Ephemeral Messaging and the Duty to Preserve

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Short, often informal messages have become an increasingly prevalent form of business communication. Whether by sending a simple text message or using a communication application like WhatsApp, Slack, or MS Teams, employees conduct more business in less formal ways than ever before. This article will discuss the rise of ephemeral messaging platform use, a case where the technology was misused that resulted in sanctions, and ways in which practitioners can avoid sanctions themselves.

Ephemeral Messaging Explained

Ephemeral (or disappearing) messaging applications enable users to automatically delete messages after they are received. These platforms not only delete messages and related metadata from all devices and servers, but many also apply end-to-end (E2E) encryption to messages sent within them. This means that nobody, including forensics professionals and the platform itself, can read these messages besides the sender or recipient.

While there may be substantial business benefits to the use of ephemeral messaging applications, the medium also raises significant e-discovery challenges. Courts have begun to grapple with the discovery implications of ephemeral messaging, as evidenced by a 2019 decision out of the Western District of Arkansas, Herzig v. Arkansas Foundation for Medical Care, Inc.

Herzig v. Ark. Found. For Med Care, 2019 WL 287106

Herzig v. Ark. Found. For Med Care was a wrongful termination matter. After making an initial production of text messages, Plaintiffs installed Signal—an E2E encrypted messaging app—on their mobile devices. They configured the app to delete all messages after the recipient reads the message. Plaintiffs made this change after they were well aware of their duty to preserve documents, and only disclosed it to the Court and Defendants toward the end of discovery. The initial production showed that Plaintiffs had numerous communications with one another and with Defendant employees, but only produced some of those messages. Following Defendants’ successful motion to compel, Plaintiffs produced several more communications, but, suspiciously, the dates of communications ended the day one of the Plaintiffs downloaded Signal.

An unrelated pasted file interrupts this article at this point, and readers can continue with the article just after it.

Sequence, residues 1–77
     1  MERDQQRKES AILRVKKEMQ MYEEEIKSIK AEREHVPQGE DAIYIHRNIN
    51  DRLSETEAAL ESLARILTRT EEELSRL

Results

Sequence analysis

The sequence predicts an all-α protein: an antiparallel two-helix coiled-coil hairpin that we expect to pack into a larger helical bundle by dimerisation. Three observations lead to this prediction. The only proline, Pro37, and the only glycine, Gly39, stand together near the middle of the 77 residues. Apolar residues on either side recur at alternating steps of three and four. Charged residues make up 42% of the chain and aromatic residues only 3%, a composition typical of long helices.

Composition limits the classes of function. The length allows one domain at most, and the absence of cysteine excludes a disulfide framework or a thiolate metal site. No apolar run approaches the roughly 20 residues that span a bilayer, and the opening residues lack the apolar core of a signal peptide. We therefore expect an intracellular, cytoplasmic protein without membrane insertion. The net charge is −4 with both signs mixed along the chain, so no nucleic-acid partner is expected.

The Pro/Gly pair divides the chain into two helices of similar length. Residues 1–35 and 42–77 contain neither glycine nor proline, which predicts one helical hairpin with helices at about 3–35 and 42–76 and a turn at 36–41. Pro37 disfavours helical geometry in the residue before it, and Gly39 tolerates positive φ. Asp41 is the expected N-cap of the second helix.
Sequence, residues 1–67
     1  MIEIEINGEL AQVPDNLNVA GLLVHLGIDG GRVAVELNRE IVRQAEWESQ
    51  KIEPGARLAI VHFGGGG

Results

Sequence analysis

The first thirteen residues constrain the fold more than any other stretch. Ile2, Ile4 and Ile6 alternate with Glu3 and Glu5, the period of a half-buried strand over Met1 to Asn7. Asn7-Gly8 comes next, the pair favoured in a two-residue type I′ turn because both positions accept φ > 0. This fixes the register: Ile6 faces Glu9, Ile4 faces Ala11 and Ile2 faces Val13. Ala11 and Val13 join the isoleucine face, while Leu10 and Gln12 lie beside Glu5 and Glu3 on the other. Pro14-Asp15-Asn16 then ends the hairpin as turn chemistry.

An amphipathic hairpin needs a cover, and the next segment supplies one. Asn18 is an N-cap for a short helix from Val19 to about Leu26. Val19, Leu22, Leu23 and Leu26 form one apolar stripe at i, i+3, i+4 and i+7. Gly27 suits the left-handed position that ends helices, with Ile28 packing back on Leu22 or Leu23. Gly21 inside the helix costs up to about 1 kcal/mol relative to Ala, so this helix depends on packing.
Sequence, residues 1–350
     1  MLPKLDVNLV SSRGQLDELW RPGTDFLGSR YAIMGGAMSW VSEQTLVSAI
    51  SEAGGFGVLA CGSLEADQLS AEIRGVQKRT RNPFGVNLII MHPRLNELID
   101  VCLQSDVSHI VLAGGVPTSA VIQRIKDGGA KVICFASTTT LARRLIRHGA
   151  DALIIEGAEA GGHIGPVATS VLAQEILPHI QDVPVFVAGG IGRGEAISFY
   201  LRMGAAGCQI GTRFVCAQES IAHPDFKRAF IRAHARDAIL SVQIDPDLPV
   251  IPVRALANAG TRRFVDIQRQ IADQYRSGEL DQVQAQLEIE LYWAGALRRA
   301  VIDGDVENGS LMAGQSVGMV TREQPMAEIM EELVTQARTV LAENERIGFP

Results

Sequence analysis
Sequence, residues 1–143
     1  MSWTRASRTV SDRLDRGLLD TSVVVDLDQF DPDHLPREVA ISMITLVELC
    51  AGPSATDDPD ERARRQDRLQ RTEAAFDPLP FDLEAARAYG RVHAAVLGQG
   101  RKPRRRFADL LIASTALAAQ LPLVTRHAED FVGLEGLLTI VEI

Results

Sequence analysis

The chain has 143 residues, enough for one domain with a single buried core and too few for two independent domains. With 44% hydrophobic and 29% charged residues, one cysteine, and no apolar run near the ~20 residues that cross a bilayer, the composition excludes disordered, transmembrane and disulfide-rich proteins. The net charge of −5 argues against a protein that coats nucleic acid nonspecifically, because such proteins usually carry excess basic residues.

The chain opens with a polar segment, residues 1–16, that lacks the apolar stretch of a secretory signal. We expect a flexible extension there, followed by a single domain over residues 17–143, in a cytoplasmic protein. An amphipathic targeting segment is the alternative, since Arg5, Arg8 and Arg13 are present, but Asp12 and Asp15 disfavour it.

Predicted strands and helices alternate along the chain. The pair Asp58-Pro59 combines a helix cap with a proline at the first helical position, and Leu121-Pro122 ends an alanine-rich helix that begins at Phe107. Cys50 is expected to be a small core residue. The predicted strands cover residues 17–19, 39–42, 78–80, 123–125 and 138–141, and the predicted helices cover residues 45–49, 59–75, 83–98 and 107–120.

Plaintiffs argued that their duty to preserve did not allow Defendants to see all of their communications, only responsive communications, and that the Defendants had not shown that the communications that disappeared were responsive or that their destruction was in bad faith. The Court disagreed, finding that Plaintiffs used Signal to intentionally and in bad faith destroy and withhold ongoing communications about the litigation.

The Court inferred that Plaintiffs were intentionally deleting responsive communications based on, among other reasons, Plaintiffs’ reluctance to produce responsive messages during the initial request for production and the manual setting to delete the subsequent Signal messages after they were read. Not helping their argument, both Plaintiffs were information technology professionals who were expected to be aware of the technical capabilities of Signal. As a result, the Court held that both Plaintiffs had the requisite knowledge to produce and retain responsive communications, and that they intentionally used Signal to withhold responsive data in bad faith. While the Court found that the Plaintiffs’ conduct was sanctionable, it did not actually issue sanctions, as it dismissed their case on the merits instead.

Three Steps to Avoid Sanctions

Herzig demonstrates that litigants cannot use ephemeral messaging applications to sidestep their duty to preserve responsive communications. The Herzig court found that manually configuring these applications to destroy responsive messages while under the duty to preserve was an intentional act of bad faith. With that context in mind, here are three steps practitioners can take to avoid sanctions when ephemeral messages are in scope for discovery:

  1. Ephemeral messaging is not an end-around for a litigant’s preservation obligations. Attorneys should be aware of the use of ephemeral messaging applications and include language in the litigation hold and preservation memos. Turning off auto-delete functions for email and other systems is standard across IT departments, and should apply to messaging applications as well. As in Herzig, a sudden switch from permanent to ephemeral messaging applications, or suddenly switching on the auto-delete function of an ephemeral messaging application, will look suspicious in the event of a discovery dispute.
  2. Organizations should utilize ephemeral messaging platforms that allow them to meet their legal obligations. In some instances, an organization may need to ensure that it has the ability to turn the auto-delete functionality off and on as needed. For example, regulated industries have requirements that pertain to data preservation, retention, and archiving. Understanding these requirements will help you know when ephemeral messaging may be in direct violation of those regulations.
  3. As with any other business communication tool, policies and guidelines should be in place to govern the use of ephemeral messaging applications. Asking about your client’s policies during your initial investigation and your opponent’s policies during pre-trial conferences will help you structure your discovery requests.

Moving Forward

While there are clear business benefits to the use of ephemeral messaging applications, there are also ways they can be misused—either intentionally or otherwise—in a way that can put an organization at odds with its preservation obligations. Attorneys should be aware of this risk and take active steps to ensure that their clients do not use these applications in a sanctionable manner.

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